A hit in its native Canada, the French-language comedy “Starbuck” is already set for a Hollywood remake featuring Vince Vaughn, and it’s easy to see why in its opening minutes. The shlubby, scruffy but good-hearted David Wozniak (Patrick Huard) seems more a Paul Rudd than a Vince Vaughn, to be honest, but his best friend and part-time lawyer Avocat (Antoine Bertrand) is definitely the Seth Rogan/Jonah Hill role.

The setup too, is very Judd Apatow: Back when David was a 20-something slacker, he donated sperm at $35 a pop over 500 times. Through some screw-up that only exists in films, the sperm bank used every single donation, and now there’s over 500 young adults wanting to meet the man who only used the nickname “Starbuck” as identification.

Jan Thijs photos
Jan Thijs photos
Making David a 40-something manchild with commitment issues puts “Starbuck” into farce territory. He’ll learn responsibility, learn to treat his long-suffering (and pregnant) girlfriend (Julie LeBreton) with respect, make his brothers and father proud, and do something about all 500 kids that he’s fathered, including the one that’s on the way.

But instead of farce, we get a gentle comedy with one or two funny moments in between maudlin and sentimental scenes. Clutching an envelope filled with information about his children, he voyeuristically trails one at a time, stepping in occasionally without revealing his identity and becoming a sort of guardian angel, helping one aspiring actor get to an audition (he gets the part!), and saving a daughter from a heroin overdose at the right moment (she refuses treatment and recovers immediately!). Several moments hint at a funnier, darker film: David obsessively following one son who works at a historical park, applauding his rote recitation of facts to tourists, David taking the high dive at a swimming pool so he can wave at his lifeguard son. Who is this creepy guy, they all seem to be thinking.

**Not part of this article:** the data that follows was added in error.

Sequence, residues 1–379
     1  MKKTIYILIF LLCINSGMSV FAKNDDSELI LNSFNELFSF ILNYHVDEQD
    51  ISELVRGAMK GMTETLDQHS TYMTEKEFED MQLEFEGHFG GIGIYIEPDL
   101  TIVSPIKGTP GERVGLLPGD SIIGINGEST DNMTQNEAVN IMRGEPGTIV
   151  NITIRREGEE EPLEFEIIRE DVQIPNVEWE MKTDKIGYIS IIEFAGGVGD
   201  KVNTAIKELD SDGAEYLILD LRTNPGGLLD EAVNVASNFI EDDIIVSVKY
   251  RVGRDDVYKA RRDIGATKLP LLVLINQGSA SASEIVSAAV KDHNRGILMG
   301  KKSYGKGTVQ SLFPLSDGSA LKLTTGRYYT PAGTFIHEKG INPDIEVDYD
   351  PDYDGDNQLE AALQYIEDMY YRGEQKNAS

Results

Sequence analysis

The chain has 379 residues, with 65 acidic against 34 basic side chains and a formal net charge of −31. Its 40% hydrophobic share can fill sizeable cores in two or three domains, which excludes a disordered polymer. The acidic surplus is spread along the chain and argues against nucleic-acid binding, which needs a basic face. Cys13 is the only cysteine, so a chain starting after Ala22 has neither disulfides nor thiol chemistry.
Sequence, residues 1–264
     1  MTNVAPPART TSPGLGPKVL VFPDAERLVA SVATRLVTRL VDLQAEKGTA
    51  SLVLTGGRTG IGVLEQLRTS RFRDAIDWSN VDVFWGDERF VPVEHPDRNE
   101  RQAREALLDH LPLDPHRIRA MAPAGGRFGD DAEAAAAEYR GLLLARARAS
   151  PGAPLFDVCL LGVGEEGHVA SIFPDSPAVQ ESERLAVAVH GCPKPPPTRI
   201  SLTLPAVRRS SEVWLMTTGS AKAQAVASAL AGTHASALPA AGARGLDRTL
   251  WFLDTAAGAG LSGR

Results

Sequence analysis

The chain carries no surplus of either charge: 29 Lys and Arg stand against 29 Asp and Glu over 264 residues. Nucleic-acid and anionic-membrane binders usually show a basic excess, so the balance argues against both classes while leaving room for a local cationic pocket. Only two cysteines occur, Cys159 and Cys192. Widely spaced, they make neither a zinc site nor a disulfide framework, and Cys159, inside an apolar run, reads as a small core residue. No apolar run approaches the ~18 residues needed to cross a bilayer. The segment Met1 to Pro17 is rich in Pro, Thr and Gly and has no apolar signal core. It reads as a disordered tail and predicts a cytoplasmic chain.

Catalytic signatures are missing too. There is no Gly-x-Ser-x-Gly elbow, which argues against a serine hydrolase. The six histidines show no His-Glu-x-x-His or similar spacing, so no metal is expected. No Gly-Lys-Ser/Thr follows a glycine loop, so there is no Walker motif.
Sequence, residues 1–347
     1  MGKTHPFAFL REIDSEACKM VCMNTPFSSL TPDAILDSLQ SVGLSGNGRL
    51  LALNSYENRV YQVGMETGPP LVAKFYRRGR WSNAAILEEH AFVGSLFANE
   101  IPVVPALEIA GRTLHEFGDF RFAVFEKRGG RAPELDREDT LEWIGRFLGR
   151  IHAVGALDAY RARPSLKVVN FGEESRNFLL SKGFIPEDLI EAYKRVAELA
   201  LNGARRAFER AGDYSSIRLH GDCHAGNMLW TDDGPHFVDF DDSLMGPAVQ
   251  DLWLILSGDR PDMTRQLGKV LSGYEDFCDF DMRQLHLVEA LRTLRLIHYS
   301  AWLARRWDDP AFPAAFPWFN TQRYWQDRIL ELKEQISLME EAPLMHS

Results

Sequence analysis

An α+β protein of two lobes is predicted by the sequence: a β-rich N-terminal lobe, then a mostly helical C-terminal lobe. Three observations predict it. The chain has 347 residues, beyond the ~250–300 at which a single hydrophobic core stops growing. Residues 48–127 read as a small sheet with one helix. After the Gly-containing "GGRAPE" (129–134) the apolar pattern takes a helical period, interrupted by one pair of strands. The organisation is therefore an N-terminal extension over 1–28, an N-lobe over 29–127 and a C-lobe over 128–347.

He befriends one son, a sullen goth with floppy hair and a lip ring, who has figured out what David has tried to hide. The goth tries to bond with David by joining his father’s amateur soccer team, but isn’t very good. This subplot peters out once loan sharks roust David’s dad for $80,000 and David decides to go to court against the bank to sue for damages, with Avocat representing his friend.

There’s a lot of montages in this film, a lot of pleasant uplifting music, a lot of hangdog looks from Mr. Huard, and very little comedic tension. The hundreds of young adults become this sort of Up With People group, turning up en masse for major plot points. You kind of expect them to raise a KONY 2012 banner at some point. Don’t these young’uns have jobs? Or families?

In the end you get what American audiences already pay for too much: the idea that marriage and a child automatically nullify character traits that have been ingrained for forty years. If only that was so.

** 1/2
Starring: Patrick Huard, Antoine Bertrand, Julie LeBreton
Length: 100 mins.
Rating: R for sexual content, language and some drug material
Playing at: Paseo Nuevo

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